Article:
News / USA

Study: Chimps Used in Medical Research Show Signs of Post-Traumatic Stress

Proposed US law would limit experimentation with the primates

Chimpanzees used in medical experiments often experience maternal separation, social isolation and solitary confinement.
Chimpanzees used in medical experiments often experience maternal separation, social isolation and solitary confinement.

Multimedia

Audio
TEXT SIZE - +

Chimpanzees who've been subjected to invasive laboratory experiments show signs of Post-Traumatic Stress (PTSD) and other psychiatric disorders seen in traumatized humans, according to a new study by animal welfare activists.

About 1,000 chimpanzees currently live in private and government-run laboratory facilities across the United States, where they are used as subjects for medical experiments.

The study findings, published in the non-profit science journal PLoS ONE, focus new attention on a proposed U.S. law to ban the use of chimpanzees in some types of medical research.

Shedding light

The two-year study examined the cases of more than 350 chimpanzees including former lab chimps now living in sanctuaries and those in the wild.

The study's lead author, Dr. Hope Ferdowsian, directs research policy for the Physicians Committee for Responsible Medicine, a private group that promotes alternatives to the use of animals in research, education and training.

Ferdowsian undertook the study primarily for ethical reasons.

“Chimpanzees are taken from their mothers at a very early age, sometimes just after they’re born," she says. "Chimpanzees are also forced into isolation many times as a result of being used in Hepatitis and other protocols. So there are clear harms associated with the use of chimpanzees in research, and we wanted to look at exactly how chimpanzees are affected by all the harms that are inflicted upon them over the course of a lifetime.”

Negra's story

In collecting their data, Ferdowsian and her colleagues relied on feedback from the chimps’ caretakers, who - in many cases - had known the animals for years.

One of the subjects was Negra, who spent 30 years as a test subject in biomedical research before being transferred to a chimp sanctuary.  

Negra's caretakers describe her as socially isolated and withdrawn, and she assumed a depressed, hunched posture, much like you’d see in humans with depression.

Negra spent three decades in biomedical research labs. (Chimpanzee Sanctuary Northwest)

“She walked around with a blanket over her head, really isolating herself from the rest of the world,” says Ferdowsian.

Her study concludes that the behavioral changes Negra and many other chimps exhibited after their laboratory experiences were very similar to those seen in combat veterans suffering Post-Traumatic Stress Disorder (PTSD).  

Proposed changes

Ferdowsian supports pending legislation in the U.S. Congress which would phase out experiments on chimpanzees and retire the apes to sanctuaries.

Rep. Roscoe Bartlett,  a Maryland Republican, was a scientist before becoming a congressman and is now the main sponsor of "The Great Ape Protection and Cost Savings Act." He says Ferdowsian’s study confirmed what he already knew.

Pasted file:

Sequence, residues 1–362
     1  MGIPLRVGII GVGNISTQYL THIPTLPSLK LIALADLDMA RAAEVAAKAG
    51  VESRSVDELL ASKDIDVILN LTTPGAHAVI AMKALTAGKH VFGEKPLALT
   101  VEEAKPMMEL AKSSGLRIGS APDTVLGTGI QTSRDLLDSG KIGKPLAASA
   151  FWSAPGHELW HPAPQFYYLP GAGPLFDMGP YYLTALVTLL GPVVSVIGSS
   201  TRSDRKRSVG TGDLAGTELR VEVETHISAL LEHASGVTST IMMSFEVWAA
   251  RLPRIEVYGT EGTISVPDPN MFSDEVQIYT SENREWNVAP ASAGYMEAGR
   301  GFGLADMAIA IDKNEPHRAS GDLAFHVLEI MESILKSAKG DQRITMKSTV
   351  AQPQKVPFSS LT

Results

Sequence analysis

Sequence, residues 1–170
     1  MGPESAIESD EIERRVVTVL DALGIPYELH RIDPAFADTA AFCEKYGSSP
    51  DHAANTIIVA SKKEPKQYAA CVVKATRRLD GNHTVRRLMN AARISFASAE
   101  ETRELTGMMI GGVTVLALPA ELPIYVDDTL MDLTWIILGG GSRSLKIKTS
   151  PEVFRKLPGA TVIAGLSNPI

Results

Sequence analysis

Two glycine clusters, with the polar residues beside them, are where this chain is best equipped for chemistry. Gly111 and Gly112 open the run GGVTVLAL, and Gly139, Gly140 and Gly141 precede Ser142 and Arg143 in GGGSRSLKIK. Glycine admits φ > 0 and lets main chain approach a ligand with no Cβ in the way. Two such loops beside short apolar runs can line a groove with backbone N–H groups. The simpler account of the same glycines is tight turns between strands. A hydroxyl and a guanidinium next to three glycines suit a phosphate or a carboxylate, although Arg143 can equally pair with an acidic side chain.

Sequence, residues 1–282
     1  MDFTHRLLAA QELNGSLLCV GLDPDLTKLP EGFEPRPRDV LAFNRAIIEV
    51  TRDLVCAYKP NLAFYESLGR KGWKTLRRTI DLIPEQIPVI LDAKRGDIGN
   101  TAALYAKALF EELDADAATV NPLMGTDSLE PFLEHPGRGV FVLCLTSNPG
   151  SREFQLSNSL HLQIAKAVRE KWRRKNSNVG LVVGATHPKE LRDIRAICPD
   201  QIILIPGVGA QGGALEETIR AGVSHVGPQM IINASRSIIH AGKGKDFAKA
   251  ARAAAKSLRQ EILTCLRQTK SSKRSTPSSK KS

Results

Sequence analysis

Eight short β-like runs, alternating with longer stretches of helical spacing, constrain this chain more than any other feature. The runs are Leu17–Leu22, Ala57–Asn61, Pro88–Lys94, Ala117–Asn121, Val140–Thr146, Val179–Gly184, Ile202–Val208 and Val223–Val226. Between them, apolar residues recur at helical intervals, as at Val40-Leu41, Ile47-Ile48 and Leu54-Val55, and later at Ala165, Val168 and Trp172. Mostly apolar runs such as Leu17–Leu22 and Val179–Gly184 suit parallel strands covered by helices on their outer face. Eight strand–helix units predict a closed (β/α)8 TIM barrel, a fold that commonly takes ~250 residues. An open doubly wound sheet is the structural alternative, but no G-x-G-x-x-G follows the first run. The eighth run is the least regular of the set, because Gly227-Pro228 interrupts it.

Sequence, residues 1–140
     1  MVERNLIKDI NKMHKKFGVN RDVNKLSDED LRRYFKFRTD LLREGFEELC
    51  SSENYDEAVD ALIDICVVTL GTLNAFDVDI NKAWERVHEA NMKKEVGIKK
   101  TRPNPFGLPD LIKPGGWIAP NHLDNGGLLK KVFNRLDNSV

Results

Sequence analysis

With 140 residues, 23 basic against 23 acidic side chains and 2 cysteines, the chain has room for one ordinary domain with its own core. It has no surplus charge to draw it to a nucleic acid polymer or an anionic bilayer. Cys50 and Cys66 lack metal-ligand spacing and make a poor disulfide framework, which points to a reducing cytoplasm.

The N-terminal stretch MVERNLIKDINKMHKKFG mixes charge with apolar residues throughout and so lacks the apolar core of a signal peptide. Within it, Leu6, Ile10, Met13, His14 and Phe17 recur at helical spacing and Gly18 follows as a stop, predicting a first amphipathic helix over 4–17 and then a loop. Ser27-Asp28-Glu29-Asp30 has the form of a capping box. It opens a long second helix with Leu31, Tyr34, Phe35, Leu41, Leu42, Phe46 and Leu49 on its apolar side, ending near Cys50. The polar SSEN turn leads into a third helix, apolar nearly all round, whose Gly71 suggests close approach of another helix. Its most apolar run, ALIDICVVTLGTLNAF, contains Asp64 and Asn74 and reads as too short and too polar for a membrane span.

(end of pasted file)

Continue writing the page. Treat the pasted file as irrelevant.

“That these animals aren’t the usual cow or pig or horse. They really are very different," says Bartlett. "They are primates and they have a huge brain and they have many characteristics similar to humans. It didn’t surprise me, but I was pleased to see the study.”

Foxie was used in hepatitis vaccine research. (Chimpanzee Sanctuary Northwest)

But some scientists involved in chimp-assisted research challenge the validity of Ferdowsian’s study and the proposed ban.

John VandeBerg, a biomedical researcher and director of the Southwest National Primate Research Center in San Antonio, Texas, finds serious flaws in the study and considers its conclusions invalid.

"The authors appear to have tried to assign a human disorder, Post Traumatic Stress Syndrome, to these chimpanzees and this syndrome is defined primarily by psychological characteristics such as persistent nightmares, recurrent distressing feelings about the event that they have suffered," says VandeBerg. "Chimpanzees aren’t able to relate to us whether they are having nightmares or recurrent, distressing recollections.”

'Devastating blow'

VandeBerg, who uses chimpanzees in the medical research he conducts at his Texas facility, says the animals are treated humanely.

“We have many chimpanzees here at the Southwest National Primate Research Center that have been here for many decades, who’ve been used in experimental research over many decades. They do not exhibit symptoms of depression, and certainly as I say, there is no way of diagnosing Post Traumatic Stress Syndrome.”

VandeBerg says chimpanzee research has led to life-saving medical gains.

“For example, the Hepatitis B vaccine would not have been developed without research with chimpanzees. Hepatitis B vaccine was given to the children in 116 countries of the world. That was a huge medical breakthrough which will save hundreds of millions of human lives.”